Seminar Schloss Bogenhofen, Braunau, Austria: Intermediate German Certificate (Goethe Institute).
Middle East College, Beirut, Lebanon: Completed Sophomore Year Abroad.
Seminare Adventiste du Saleve, Collonges-sous-Saleve France: Certificat de Francais.
BA in Behavioral Sciences and Religion with Honors (Andrews University)
MA in Anthropology (Loma Linda University)
PhD in Anthropology (Brandeis University) Dissertation: Sedentarization and Nomadization--Food System Cycles at Hesban and Vicinity in Transjordan (Dr Judith Zeitlin, Chair; Dr. Robert Hunt, Member; Dr. Lawrence Stager, Harvard University, External Examiner).
Visiting Scholar in the Department of Archaeology (University of Cambridge, 1990-91).
Oystein LaBianca joined the faculty of the School of Social & Behavioral Sciences in the fall 1980 and was chair of the school from 1982 until 1990 when he resigned as chair in order to spearhead development of the school's graduate programs in community and international development. His areas of research and teaching include cultural anthropology, anthropological archaeology; development anthropology and research methods.
Born in Kristiansand, Norway, Dr. LaBianca completed his undergraduate studies in Behavioral Sciences and Religion at Andrews University in 1971, including a year-abroad at Middle East College in Beirut, Lebanon and a summer semester learning French at Campus Adventiste du Salève, Collonges-sous-Salève, France. In 1971 he began graduate studies in anthropology at Loma Linda University from which he eventually earned a master's degree in 1976. From 1972 to 1973, he was a special student in the Department of Anthropology at Harvard University studying zooarchaeology. In 1987, he earned a Ph.D. in anthropology from Brandeis University in Waltham, Mass.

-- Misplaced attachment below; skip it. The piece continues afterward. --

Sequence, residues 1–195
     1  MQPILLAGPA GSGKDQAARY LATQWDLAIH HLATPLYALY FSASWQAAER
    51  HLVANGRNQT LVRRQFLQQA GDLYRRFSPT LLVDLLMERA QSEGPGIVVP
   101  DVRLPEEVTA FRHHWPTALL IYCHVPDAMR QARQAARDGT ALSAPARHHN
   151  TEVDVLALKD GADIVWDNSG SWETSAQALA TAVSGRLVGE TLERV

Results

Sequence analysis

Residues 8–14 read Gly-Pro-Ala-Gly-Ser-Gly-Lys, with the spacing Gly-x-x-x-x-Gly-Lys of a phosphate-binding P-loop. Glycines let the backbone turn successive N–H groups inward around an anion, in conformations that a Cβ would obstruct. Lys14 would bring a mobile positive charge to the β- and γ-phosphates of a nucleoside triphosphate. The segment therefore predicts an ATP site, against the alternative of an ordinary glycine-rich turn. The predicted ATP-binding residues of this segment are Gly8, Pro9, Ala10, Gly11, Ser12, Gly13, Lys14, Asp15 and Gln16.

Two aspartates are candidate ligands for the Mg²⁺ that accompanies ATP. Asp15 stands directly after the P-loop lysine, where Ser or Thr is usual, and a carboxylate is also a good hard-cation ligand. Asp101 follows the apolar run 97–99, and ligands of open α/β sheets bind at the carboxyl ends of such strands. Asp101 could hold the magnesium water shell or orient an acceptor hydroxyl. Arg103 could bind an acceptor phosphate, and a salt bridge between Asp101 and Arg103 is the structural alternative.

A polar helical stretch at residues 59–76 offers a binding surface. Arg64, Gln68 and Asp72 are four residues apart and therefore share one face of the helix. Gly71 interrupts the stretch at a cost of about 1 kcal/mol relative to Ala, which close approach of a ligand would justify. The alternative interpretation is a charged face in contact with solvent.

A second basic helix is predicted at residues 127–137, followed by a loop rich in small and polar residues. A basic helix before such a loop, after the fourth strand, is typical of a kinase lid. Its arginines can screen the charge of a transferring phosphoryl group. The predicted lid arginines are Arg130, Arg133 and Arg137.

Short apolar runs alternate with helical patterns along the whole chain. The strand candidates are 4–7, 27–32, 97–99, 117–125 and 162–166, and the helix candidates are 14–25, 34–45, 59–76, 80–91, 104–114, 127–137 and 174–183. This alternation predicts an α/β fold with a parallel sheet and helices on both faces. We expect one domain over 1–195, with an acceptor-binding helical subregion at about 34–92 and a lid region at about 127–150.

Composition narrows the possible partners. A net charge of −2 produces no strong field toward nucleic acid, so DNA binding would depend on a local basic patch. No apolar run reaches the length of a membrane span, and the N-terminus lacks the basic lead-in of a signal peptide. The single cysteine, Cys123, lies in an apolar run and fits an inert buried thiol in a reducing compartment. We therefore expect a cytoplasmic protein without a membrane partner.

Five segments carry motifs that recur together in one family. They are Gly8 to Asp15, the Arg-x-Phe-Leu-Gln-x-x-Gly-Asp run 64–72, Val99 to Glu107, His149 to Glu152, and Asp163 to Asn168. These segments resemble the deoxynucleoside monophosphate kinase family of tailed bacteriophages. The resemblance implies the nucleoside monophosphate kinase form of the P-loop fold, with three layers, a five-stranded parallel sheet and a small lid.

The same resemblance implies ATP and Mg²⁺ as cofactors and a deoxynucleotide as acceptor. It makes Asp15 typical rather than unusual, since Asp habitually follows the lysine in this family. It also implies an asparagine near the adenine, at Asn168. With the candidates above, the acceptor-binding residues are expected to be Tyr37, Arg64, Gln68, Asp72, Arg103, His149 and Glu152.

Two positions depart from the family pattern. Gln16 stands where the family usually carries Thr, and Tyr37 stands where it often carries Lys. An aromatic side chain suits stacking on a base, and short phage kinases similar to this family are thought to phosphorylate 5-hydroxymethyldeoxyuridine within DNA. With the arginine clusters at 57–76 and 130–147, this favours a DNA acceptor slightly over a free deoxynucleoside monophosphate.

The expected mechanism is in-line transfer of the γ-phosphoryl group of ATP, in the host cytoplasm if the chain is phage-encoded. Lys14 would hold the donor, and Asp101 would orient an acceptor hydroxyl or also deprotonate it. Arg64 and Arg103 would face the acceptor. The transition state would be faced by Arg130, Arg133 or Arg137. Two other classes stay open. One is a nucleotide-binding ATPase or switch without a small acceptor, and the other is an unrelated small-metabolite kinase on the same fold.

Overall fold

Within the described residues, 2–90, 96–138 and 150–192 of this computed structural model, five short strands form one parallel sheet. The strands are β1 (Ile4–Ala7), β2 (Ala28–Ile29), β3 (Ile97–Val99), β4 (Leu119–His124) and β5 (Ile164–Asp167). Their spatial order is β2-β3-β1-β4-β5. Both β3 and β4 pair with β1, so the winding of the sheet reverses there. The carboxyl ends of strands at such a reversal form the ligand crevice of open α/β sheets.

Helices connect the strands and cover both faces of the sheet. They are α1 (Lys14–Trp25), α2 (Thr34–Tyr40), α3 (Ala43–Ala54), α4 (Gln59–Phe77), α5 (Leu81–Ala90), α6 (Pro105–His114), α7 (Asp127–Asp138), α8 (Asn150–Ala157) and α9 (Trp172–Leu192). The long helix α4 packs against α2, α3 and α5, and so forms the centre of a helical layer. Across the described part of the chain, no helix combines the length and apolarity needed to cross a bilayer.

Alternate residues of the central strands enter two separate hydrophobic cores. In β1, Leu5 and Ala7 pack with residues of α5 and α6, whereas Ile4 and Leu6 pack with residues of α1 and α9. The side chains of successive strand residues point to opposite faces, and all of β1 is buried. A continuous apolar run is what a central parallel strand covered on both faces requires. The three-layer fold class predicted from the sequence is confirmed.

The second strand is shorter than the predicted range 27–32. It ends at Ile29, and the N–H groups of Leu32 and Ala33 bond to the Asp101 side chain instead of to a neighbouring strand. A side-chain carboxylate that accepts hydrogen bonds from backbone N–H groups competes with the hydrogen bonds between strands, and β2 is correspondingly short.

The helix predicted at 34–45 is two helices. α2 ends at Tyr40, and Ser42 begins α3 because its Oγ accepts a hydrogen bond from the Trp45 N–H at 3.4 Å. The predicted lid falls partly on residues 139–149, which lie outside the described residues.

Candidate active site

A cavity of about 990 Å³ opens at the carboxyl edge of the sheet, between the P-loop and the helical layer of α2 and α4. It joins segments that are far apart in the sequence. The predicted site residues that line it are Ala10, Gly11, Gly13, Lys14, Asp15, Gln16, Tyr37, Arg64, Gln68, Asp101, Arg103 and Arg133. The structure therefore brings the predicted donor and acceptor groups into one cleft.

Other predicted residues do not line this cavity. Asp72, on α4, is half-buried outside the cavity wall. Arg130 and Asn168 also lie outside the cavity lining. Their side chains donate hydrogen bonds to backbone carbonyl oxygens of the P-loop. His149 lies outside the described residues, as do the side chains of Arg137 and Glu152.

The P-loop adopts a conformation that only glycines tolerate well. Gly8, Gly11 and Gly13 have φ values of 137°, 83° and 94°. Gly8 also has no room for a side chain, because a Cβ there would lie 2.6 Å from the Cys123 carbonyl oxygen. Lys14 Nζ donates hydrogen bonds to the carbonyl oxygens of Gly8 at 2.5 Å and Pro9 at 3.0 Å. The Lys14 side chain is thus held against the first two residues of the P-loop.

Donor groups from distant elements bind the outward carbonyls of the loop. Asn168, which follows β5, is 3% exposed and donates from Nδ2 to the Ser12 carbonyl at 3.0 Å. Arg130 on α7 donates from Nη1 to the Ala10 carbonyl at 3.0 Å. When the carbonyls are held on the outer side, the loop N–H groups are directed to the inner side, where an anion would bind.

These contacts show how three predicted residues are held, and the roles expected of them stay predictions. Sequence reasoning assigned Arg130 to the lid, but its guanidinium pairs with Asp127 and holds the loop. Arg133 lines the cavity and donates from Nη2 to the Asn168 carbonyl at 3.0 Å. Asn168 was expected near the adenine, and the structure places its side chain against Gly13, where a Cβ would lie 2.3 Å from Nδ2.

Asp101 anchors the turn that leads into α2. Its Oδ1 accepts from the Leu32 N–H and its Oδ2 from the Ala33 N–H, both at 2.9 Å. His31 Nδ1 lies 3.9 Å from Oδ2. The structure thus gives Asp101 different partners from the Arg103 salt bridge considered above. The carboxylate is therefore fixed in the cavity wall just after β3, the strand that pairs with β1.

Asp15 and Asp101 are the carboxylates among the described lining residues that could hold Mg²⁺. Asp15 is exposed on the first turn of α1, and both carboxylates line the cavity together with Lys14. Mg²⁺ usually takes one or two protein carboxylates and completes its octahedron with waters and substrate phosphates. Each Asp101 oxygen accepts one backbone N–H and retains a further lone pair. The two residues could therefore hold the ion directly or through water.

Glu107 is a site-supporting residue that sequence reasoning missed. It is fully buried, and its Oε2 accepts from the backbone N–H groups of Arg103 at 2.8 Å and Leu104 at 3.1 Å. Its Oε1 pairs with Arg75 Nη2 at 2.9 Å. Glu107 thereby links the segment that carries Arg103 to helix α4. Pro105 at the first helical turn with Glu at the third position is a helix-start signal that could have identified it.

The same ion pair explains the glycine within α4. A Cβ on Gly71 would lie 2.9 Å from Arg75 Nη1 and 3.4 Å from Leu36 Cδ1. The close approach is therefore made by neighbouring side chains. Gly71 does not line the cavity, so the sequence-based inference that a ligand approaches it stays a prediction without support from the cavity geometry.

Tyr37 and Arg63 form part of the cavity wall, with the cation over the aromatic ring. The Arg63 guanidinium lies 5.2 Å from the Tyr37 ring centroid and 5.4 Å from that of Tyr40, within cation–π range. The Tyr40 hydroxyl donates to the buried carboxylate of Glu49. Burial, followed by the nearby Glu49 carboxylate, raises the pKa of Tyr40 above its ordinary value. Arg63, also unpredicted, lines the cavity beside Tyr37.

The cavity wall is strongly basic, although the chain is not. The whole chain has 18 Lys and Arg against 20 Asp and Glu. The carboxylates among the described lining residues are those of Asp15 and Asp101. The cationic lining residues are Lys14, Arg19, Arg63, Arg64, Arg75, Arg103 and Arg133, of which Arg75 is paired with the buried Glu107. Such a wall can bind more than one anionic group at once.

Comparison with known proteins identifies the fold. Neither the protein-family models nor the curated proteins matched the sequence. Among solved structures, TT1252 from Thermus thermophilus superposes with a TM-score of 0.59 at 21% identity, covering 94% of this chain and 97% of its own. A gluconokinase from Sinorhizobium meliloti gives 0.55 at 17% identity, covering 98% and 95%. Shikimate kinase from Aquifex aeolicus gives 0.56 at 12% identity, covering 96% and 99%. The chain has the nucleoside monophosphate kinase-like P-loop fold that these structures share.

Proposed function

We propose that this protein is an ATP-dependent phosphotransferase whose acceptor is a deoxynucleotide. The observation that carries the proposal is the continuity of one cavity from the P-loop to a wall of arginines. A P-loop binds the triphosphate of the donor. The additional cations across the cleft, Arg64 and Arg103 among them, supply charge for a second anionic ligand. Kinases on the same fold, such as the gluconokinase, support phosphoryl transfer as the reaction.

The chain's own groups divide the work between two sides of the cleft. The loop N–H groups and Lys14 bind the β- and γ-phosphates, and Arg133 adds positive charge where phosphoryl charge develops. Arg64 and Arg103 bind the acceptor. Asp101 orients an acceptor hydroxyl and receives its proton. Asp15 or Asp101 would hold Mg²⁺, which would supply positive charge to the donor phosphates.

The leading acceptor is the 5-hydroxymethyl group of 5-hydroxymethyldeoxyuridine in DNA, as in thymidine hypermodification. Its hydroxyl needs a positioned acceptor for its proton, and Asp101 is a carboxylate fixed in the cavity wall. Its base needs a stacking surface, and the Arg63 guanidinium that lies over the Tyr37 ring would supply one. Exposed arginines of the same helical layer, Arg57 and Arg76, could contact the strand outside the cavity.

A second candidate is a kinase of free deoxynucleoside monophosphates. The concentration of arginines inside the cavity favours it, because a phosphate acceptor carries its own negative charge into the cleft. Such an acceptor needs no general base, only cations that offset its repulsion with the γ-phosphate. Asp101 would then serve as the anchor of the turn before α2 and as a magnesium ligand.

In addition to his current duties as professor of anthropology, LaBianca also serves as the associate director of the Institute of Archaeology at Andrews University, co-director of the Madaba Plains Project (MPP) in Jordan, and senior director of the Jordan Field School at Tall Hisban, also in Jordan. He is a trustee and member of the boards of the American Schools of Oriental Research in Boston and of the American Center for Oriental Research in Amman. He has also represented Middle East anthropology and archaeology on the steering committee of the Middle East Section of the American Anthropological Association. Other memberships include Sigma Xi and the Society for International Development. His research in Jordan has received research grants from Andrews' Office of Scholarly Research, the National Geographic Society, National Endowment for the Humanities, the U.S. Department of State's Ambassador's Fund for Cultural Heritage Preservation the Research Council of Norway.
LaBianca is married to Asta Sakala LaBianca who is an instructor in the Department of English at Andrews University. They have three sons, Erik, Aren, and Ivan.